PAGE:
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not after the order of Aaron. First, because his priesthood was of a peculiar and superior nature to the Levitical, for it was wholly confined to his own person, who might on that account be said to be “ without father and without mother;" and blessed Abraham, the progenitor of Levi, “ And, without all contradiction, the less is blessed of the better.*" And in this respect' we may justly say of the high priest of our profession, in the words of the prophet, “ Who shall declare his generation?” “ For it is evident," as the apostle tells us, “ that our Lord sprang .
out of Judah.” And this circumstance points out to us the second reason why Christ was called after the order of Melchisedek, for he hereby united the two different characters of priest and "king, and was not so much by interpretation, as in strict propriety of speech, King of Righteousness and King of Peace. Which union of the regal and priestly character was predicted and pointed out in those remarkable words of the prophet Zechariah, c. vi. 12; “ Behold the man whose name is the Branch, and he shall grow up out of his place, and he shall build the temple of the Lord: even he shall build the temple of the Lord, and shall bear the glory, and shall sit and rule upon his throne, and he shall be a Priest upon his throne, and the counsel of peace shall be between them both,” i. e. between the regal and sacerdotal office. And it may not be altogether unworthy of remark, that our word king is probably borrowed from the original word, (173, Cohen,) here rendered, priest.
And now the holy psalmist, by the discerning spirit of prophecy, looking up to Jesus, who, as a faithful High Priest, offered himself up to God, and, having spoiled principalities and powers, triumphed over them on the cross, celebrates this glorious victory over Sin and Satan, in expressions which most probably allude to the conquest of the Israelites over the Egyptians: “ The Lord, at thy right hand, shall strike through kings in the day of his wratli.” These words are manifestly,
* Is blessed of the better, Heb. vii. 7. “ Intellige benedictione, non vulgari, quo modo benedicunt æquales æqualibus, et minores majoribus, &c. sed solenni, sive ex officio, vel ritu sacerdotali, ut supra, v. 2. Vide Num. vi. 23, &c.” Estius.
as Gejcrus obserres, an apostrophe to God, the Father, and are spoken of God, the Son, as is evident from v. 1;* and seem plainly to allude to the entire overthrow of Pharaoh and all his host, t as the following words may more fully shew; “ He shall judge among the Heathen;" or rather, as Rivetus, He shall judge, i. e. condemn, the nations. I “ He shall fill (the places) with the dead bodies.” Here is a manifest deficiency in the original, to supply which the Chaldee reads XY78, " he shall fill the earth with the dead bodies;”, which certainly affords a very good sense. · But I think that bishop Hare's reading is the most probable; for, instead of supposing, with Buxtorf, &c. that nila is written for nixa, or that it has the same signification of valleys, he proposes to supply nixa, which gives this sense, “ IIe shall fill the valleys with the dead bodies." And could we possibly have a more beautiful description of the destruction of the Egyptians in the Red Sea, as recorded, Exod. xiv. 21 — 30? And if, instead of rendering the next words, * He shall wound the heads over many countries," we translate them, more literally, “ He shall wound the head over the great country,” i.e. Egypt;|| we shall have a manifest reference to another passage of the psalmist, cxxxv. 0, where, speaking of this subject, he delivers himself in nearly the same words : “ Who sent tokens and wonders into the midst of thee, O Egypt, upon Pharaoh, and upon all his servants." . For, that the overthrow of the devil and his angels was typified and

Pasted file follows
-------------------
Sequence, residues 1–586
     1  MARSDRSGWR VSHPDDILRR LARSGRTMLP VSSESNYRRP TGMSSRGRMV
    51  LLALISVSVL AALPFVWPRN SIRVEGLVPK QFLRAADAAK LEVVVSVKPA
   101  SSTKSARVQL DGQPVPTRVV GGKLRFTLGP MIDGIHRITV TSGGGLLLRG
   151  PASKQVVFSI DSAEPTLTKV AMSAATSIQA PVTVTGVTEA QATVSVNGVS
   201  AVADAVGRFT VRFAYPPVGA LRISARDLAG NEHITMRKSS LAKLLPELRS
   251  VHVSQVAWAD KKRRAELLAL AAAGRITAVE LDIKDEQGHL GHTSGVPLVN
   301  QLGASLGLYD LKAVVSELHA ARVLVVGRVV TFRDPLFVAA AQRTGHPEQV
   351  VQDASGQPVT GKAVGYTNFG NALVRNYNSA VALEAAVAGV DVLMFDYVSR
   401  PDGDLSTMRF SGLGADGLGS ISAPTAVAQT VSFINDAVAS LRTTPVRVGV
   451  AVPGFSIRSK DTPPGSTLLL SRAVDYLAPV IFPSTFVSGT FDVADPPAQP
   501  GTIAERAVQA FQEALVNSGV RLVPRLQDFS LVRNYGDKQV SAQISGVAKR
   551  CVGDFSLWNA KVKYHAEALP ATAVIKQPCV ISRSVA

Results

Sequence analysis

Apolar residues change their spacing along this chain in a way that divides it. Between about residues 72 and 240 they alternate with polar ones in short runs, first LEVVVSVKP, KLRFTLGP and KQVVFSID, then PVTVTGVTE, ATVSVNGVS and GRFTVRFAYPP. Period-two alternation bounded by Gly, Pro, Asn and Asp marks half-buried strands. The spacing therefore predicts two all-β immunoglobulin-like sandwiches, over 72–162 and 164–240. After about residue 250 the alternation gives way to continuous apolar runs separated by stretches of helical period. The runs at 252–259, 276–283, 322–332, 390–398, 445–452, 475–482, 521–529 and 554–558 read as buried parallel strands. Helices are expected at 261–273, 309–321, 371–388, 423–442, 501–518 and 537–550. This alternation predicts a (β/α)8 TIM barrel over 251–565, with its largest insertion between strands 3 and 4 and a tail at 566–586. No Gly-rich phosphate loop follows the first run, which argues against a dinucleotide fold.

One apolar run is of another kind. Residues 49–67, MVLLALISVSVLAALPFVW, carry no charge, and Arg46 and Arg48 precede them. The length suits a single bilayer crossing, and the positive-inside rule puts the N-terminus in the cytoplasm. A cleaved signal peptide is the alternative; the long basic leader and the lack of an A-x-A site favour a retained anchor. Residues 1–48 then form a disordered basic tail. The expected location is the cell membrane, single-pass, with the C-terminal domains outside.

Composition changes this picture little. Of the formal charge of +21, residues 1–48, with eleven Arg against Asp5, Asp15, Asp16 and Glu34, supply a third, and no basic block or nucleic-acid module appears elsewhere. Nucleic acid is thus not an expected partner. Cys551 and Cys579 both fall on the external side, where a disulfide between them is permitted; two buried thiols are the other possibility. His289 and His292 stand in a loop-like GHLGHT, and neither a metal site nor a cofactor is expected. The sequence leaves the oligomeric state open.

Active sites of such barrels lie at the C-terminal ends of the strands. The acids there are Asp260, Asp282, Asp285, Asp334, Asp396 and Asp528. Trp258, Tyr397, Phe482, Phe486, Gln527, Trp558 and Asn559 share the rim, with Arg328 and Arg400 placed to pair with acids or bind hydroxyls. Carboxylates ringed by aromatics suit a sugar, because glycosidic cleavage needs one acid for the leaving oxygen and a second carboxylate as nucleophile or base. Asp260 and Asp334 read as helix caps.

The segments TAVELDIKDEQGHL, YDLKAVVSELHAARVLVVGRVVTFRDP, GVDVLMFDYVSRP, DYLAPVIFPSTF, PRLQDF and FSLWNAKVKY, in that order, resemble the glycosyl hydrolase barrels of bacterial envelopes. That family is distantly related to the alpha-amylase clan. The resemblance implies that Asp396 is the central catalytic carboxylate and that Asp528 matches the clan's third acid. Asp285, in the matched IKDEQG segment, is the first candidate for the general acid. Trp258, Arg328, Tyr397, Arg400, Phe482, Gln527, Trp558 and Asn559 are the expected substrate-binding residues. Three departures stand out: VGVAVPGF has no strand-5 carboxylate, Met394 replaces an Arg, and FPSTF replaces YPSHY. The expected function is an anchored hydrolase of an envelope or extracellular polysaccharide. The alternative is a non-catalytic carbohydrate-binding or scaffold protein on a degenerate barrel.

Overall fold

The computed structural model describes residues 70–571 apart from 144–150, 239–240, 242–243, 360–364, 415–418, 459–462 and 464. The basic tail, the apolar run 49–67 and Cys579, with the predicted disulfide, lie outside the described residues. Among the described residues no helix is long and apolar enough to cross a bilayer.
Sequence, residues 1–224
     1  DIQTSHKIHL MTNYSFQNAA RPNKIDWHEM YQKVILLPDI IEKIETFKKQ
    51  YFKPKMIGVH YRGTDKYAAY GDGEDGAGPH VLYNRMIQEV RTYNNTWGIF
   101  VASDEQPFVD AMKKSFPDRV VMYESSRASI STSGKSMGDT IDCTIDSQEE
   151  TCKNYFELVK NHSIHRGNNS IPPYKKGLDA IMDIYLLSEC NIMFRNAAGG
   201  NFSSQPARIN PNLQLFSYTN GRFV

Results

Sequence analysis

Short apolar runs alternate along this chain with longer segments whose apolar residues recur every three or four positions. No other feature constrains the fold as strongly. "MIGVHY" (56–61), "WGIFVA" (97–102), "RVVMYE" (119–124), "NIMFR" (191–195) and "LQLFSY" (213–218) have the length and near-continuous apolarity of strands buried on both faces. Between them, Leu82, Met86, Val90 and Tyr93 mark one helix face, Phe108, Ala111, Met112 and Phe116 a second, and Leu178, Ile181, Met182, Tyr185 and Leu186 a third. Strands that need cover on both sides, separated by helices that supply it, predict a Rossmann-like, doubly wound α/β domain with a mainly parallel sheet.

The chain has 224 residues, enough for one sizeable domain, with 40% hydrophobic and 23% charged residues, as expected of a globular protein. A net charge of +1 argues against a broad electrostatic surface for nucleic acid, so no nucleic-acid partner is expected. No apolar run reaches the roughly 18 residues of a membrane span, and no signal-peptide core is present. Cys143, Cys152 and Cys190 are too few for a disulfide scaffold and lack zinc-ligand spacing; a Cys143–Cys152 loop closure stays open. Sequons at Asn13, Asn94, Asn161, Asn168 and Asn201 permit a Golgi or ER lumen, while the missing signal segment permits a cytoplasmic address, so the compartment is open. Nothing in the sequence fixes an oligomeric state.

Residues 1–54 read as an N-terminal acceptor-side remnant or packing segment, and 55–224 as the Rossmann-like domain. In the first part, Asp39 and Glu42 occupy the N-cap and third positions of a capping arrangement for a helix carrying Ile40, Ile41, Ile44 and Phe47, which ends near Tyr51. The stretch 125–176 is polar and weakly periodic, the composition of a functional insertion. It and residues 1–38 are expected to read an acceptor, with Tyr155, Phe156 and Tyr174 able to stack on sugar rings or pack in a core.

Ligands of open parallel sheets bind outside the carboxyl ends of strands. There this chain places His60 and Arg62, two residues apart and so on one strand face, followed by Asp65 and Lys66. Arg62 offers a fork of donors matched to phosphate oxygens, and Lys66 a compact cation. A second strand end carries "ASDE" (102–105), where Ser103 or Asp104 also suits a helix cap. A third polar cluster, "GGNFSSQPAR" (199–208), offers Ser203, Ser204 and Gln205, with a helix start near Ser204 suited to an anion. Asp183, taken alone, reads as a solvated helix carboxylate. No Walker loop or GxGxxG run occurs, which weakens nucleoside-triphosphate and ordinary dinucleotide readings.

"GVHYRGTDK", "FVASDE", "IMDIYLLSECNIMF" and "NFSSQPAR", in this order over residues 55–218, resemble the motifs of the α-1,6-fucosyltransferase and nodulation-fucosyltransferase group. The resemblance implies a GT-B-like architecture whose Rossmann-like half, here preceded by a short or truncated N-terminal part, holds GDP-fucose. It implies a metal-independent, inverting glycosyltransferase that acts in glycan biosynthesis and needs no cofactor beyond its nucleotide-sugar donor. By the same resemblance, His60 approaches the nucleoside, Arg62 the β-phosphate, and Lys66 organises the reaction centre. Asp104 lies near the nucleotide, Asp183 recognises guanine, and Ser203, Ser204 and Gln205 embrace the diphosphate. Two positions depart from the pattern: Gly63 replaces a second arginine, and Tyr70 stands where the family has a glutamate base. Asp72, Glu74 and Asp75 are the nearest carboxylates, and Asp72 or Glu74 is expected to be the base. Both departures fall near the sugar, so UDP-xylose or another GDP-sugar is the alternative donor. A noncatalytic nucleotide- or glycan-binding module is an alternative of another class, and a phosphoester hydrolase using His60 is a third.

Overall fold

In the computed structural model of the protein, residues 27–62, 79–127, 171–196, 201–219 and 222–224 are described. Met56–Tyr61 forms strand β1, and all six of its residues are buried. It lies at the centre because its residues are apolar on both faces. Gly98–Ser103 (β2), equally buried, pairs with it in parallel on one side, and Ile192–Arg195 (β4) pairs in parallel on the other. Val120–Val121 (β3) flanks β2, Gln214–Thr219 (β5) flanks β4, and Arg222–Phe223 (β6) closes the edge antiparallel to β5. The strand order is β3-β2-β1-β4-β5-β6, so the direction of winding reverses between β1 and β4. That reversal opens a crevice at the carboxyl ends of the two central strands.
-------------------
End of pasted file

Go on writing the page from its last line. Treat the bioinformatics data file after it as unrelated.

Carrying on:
• And, if we read with one antient MS. 1978 nin', it will be still more striking, and the defect of the metre will be supplied, “ O Jehorah, the Lord, &c."
† " Supra Christum ut regem et sacerdotem descripserat; hic et v. 6,7, ut fortem ducem depingit; cujus tamen victoriæ sunt spirituales, &c.” Muis.
“sd judicare hic generatim sumitur, pro regere, sive pro toto regno et gubernatione, (cujus duæ sunt partes, improbos punire, et bonos remunerari;) sicụt Jud. iij. 10, et iv. 4. Sed mallem sumere pro una parte, nempe damnatione et pæna improborum, (ut Gen. xv. 14,) ut et præcedentia et sequentia suadent.” Rivetus. And it is observable that that passage, Gen. xv. 14, relates to the destruction of Pharaok; which was foretold by God, to Abraham, four hundred years, before it happened, as the preceding verses shew.
# Or, by the transposition of one letter, ann for 127, "over the land of Rahab;" i. e. Egypt. See the quotation following from Isai. li. 9; and, for many other significations of this passage, my Notes on the Psalms, &c.
figured figured by the destruction of Pharoah and his host, will appear from a passage of the prophet Isaiah, c. li. 9, which is; as it werc, a comment upon this under consideration : “Awake! awake! put on strength, O arm of the Lord ! Awake! as in the antient days, in the generations of old. Art thou not it that hath cut Rahab, 'i, e. Egypt, and wounded the dragon, i.e. Pharaoh ?"